It all started when [concretedog] posted on the FreeCAD forums, making a strong case for a Rocket-themed workbench. People got interested, and a short while later [DavesRocketShop] had some useful tools up and running. Here’s a blog post by [concretedog] which goes into detail and background, and while the Rocket workbench is available via FreeCAD’s add-on manager, the very latest experimental builds are available for manual installation on [Dave]’s GitHub repository.

This sort of development and utility is exactly the kind of thing our own Elliot Williams was describing when he made the point that one of open source’s greatest strengths is in the little things, like the FreeCAD ecosystem letting people scratch strange and specific itches, and the ability to share those solutions with others.

Open Source: It’s The Little Things

I use open source software almost exclusively; at least on the desktop — the phone is another matter, sadly. And I do a lot of stuff with and on computers. Folks outside of the free software scene are still a little surprised when small programs are free to use and modify, but they’re downright skeptical when it comes to the big works of professional software. It’s one thing to write xeyes, but how about something to rival Photoshop, or Altium?

Of course, we all know the answer — mostly. None of the “big” software packages work exactly the same as their closed-source counterparts, often missing a few features here and gaining a few there, or following a different workflow. That’s OK, different closed-source programs work differently as well. I’m not here to argue that GIMP is better than Photoshop, but rather to point out what I really love about open software: it caters to the little guys and gals, the niche users, and the specialists. Or rather, it lets them cater to themselves.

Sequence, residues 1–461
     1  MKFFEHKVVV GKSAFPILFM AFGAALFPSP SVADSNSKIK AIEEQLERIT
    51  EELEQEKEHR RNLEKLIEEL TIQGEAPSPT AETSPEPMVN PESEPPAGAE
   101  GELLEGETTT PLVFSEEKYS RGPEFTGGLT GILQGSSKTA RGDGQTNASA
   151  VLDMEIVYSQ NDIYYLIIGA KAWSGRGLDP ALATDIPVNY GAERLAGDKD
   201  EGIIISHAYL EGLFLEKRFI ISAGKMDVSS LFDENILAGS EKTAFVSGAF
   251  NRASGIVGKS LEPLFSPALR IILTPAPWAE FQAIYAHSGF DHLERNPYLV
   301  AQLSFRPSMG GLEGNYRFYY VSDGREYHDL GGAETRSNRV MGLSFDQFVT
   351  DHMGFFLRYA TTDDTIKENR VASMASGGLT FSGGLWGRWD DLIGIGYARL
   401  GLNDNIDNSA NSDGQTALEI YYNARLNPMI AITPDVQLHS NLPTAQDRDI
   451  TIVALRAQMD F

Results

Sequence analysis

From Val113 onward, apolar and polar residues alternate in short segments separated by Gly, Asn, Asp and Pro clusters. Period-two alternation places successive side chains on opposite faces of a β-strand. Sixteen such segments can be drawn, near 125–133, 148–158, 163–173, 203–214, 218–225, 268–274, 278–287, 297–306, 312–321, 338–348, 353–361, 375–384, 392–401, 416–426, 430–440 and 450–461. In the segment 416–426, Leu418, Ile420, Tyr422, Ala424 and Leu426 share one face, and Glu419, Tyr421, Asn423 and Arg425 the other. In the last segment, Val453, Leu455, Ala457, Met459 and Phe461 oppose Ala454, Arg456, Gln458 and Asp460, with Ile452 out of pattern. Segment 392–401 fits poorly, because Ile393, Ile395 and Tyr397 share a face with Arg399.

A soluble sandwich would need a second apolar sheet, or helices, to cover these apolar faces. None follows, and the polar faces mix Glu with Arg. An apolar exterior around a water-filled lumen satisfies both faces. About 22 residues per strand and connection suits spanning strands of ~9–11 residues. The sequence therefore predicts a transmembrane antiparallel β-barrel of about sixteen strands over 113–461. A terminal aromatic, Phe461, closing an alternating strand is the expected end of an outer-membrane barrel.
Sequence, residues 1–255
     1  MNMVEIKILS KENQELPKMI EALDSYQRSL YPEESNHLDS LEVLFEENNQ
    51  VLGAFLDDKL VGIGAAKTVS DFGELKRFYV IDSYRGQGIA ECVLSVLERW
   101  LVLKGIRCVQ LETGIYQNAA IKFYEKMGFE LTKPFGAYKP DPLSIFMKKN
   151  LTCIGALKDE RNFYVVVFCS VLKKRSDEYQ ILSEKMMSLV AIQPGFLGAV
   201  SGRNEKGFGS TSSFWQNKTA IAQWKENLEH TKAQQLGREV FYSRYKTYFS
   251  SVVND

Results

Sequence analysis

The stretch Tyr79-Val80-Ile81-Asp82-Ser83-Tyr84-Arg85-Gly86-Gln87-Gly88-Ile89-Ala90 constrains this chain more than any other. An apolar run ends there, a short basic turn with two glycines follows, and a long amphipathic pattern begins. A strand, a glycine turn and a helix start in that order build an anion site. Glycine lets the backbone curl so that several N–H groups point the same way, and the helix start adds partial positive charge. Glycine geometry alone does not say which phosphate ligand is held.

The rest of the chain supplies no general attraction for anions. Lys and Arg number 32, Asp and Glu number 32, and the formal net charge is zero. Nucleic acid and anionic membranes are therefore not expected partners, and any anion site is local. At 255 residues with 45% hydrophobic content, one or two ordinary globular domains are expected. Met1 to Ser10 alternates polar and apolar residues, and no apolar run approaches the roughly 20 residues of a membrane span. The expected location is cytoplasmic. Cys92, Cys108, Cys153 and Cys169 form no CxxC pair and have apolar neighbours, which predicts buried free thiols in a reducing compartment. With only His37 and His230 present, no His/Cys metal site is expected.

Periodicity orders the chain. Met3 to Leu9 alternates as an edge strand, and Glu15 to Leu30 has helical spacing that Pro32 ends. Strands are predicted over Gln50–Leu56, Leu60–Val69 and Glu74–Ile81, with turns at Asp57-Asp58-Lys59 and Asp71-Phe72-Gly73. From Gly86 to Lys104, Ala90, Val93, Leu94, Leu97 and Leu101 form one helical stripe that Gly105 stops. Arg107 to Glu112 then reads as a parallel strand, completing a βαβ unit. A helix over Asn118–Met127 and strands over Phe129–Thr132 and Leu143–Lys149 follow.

I just started learning FreeCAD for a CNC milling project, and it’s awesome. I’ve used Fusion 360, and although FreeCAD isn’t “the same” as Fusion 360, it has most of the features that I need. But it’s the quirky features that set it apart.

The central workflow is to pick a “workbench” where specific tasks are carried out, and then you take your part to each bench, operate on it, and then move to the next one you need. But the critical bit here is that a good number of the workbenches are contributed to the open project by people who have had particular niche needs. For me, for instance, I’ve done most of my 3D modelling for 3D printing using OpenSCAD, which is kinda niche, but also the language that underpins Thingiverse’s customizer functionality. Does Fusion 360 seamlessly import my OpenSCAD work? Nope. Does FreeCAD? Yup, because some other nerd was in my shoes.

And then I started thinking of the other big free projects. Inkscape has plugins that let you create Gcode to drive CNC mills or strange plotters. Why? Because nerds love eggbots. GIMP has plugins for every imaginable image transformation — things that 99% of graphic artists will never use, and so Adobe has no incentive to incorporate.